Wind Power News: Maine
These news and opinion items are gathered by National Wind Watch to help keep readers informed about developments related to industrial wind energy. They are the products of the organizations or individuals noted and do not necessarily reflect the opinions of National Wind Watch.
In 2008, then-Gov. John Baldacci worked with a very cooperative Legislature to craft a special zoning and permitting process that significantly aided developers seeking to capitalize on Maine’s rural resources for large-scale wind power projects. Developers promised massive “green” benefits for Maine’s energy generation, a huge economic impact with hundreds of high-paying jobs, all while showering small rural towns and unorganized territories and county governments with millions of dollars through the Wind Power Law’s Community Benefits provision. These enticements lured . . .
In 2008, Governor John Baldacci worked with a very cooperative Legislature to craft a special zoning and permitting process that significantly aided developers seeking to capitalize on Maine’s rural resources for large-scale wind power projects. Developers promised massive “green” benefits for Maine’s energy generation, a huge economic impact with hundreds of high-paying jobs, all while showering small rural towns and unorganized territories and county governments with millions of dollars through the Wind Power Law’s Community Benefits provision. These enticements lured . . .
Dozens of sparsely populated areas across Maine have won special protections that could pose a hurdle to companies looking to build wind power turbines in some of the state’s windiest areas. The designations come years after Maine under Democratic Gov. John Baldacci set an ambitious target of 3,000 megawatts of wind energy by 2030. That’s enough to power perhaps 675,000 homes each year if produced by wind turbines on land. To reach that target and promote job creation, lawmakers accelerated . . .
A consumer subsidy for renewable power in Maine may be ending – or at least changing. It’s called the Class 1 Renewable Portfolio Standards program, and many stakeholders, including environmentalists, say it’s ready for reform. Your electric bill pays for a lot of things: the electricity itself, the poles and wires that get it to your house and some extras, such as assistance for low-income electricity users and renewable energy. That last charge allows electricity generators powered by solar, wind, hydro . . .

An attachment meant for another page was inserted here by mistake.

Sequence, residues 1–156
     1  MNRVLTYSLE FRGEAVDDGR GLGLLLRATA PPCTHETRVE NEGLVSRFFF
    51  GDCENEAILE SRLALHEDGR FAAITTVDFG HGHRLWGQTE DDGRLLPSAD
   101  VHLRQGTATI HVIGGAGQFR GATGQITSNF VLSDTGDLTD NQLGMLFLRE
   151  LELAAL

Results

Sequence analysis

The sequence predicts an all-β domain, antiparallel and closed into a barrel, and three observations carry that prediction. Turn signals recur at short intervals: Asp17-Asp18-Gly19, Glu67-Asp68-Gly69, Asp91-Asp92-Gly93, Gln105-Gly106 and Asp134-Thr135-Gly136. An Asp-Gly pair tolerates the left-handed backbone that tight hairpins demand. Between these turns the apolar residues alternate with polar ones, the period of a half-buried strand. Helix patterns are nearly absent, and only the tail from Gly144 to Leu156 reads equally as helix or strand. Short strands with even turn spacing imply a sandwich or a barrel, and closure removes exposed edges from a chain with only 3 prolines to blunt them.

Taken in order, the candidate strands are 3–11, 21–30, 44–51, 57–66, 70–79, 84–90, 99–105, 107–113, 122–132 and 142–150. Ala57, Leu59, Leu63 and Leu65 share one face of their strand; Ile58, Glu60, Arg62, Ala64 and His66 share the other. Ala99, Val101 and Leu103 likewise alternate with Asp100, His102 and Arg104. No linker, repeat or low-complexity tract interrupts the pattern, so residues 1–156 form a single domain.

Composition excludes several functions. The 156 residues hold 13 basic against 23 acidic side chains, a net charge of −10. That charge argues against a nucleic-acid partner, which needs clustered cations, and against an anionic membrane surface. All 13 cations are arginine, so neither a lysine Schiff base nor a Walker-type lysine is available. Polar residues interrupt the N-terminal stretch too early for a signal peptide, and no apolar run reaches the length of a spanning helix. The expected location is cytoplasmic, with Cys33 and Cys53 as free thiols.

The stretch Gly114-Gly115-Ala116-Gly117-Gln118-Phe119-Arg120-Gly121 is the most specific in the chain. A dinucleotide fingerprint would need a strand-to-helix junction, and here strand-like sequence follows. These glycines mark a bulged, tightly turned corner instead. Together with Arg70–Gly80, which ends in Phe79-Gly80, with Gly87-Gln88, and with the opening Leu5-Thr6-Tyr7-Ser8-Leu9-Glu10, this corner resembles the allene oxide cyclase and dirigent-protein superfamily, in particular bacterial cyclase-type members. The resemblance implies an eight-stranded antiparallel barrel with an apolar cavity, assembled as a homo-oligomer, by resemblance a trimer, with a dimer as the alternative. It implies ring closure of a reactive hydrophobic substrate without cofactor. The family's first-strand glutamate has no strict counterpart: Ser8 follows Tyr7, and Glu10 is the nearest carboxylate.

The Maine Land Use Planning Commission has voted 5-2 to keep Milton Township in the “expedited” area for wind development. The decision means any applications for wind projects can bypass a rezoning step with the Land Use Planning Commission, but would still be reviewed by the Maine Department of Environmental Protection. Some local residents have opposed the expedited designation, arguing they should have more opportunity for input during the review process. Concerns about impact on scenic views, recreation and wildlife . . .
If I killed a bald or golden eagle, both of which are considered “protected,” I would be subject to fines of up to $100,000 and jail time of 10 or more years. Yet, the misguided White House has given wind farms a 30-year window to kill them without penalty. “This is not a program to kill eagles,” John Anderson, the director of siting policy at the American Wind Energy Association, said after that announcement in 2013. “This permit program is . . .
Ten years ago, Stephen Conant came to Maine to outline his company’s plans for a multimillion-dollar, high-voltage transmission line that would ship renewable power to Boston. Coursing through an undersea cable from Wiscasset known as the Maine Green Line, the power would be turned on by 2013, said the senior vice president at Anbaric Transmission in Wakefield, Massachusetts. But as 2017 approaches, the Maine Green Line exists only on websites and in PowerPoint presentations. The same is true of 10 . . .
PORTLAND, Maine – Developers of one of the largest wind projects ever planned in Maine pulled their request for a state permit, after struggling to connect to the grid and find buyers for their power. In a Nov. 21 email, EDP Renewables notified state regulators that it was withdrawing its application for the 119-turbine Number Nine Wind Project, located about 9 miles west of Bridgewater in Aroostook County. Kellen Ingalls, a project manager with EDP, wrote in the email that the . . .
I have been vacationing and now living in Maine since 1949. The lure of The North Woods was ingrained in me from my earliest memories. Our family came every summer from wherever we lived at the time. Alabama, Ohio, New York, Maryland, New Jersey . . . . none of them had the draw we had to this beautiful, wild wilderness. We brought a number of families with us over the years to experience Maine, and every one of them . . .
EDP Renewables, which proposed to construct the largest wind power development in Maine, a 119 turbine facility with an installed capacity of 250 megawatts in unorganized townships in Aroostook County, has withdrawn its application to the Maine Department of Environmental Protection. EDP had also proposed a 51.6 mile transmission line. However, the company has faced a gauntlet of troubles. In July, EDP’s power purchase agreement with two Connecticut utilities, signed in 2013 to line up customers for the project, was . . .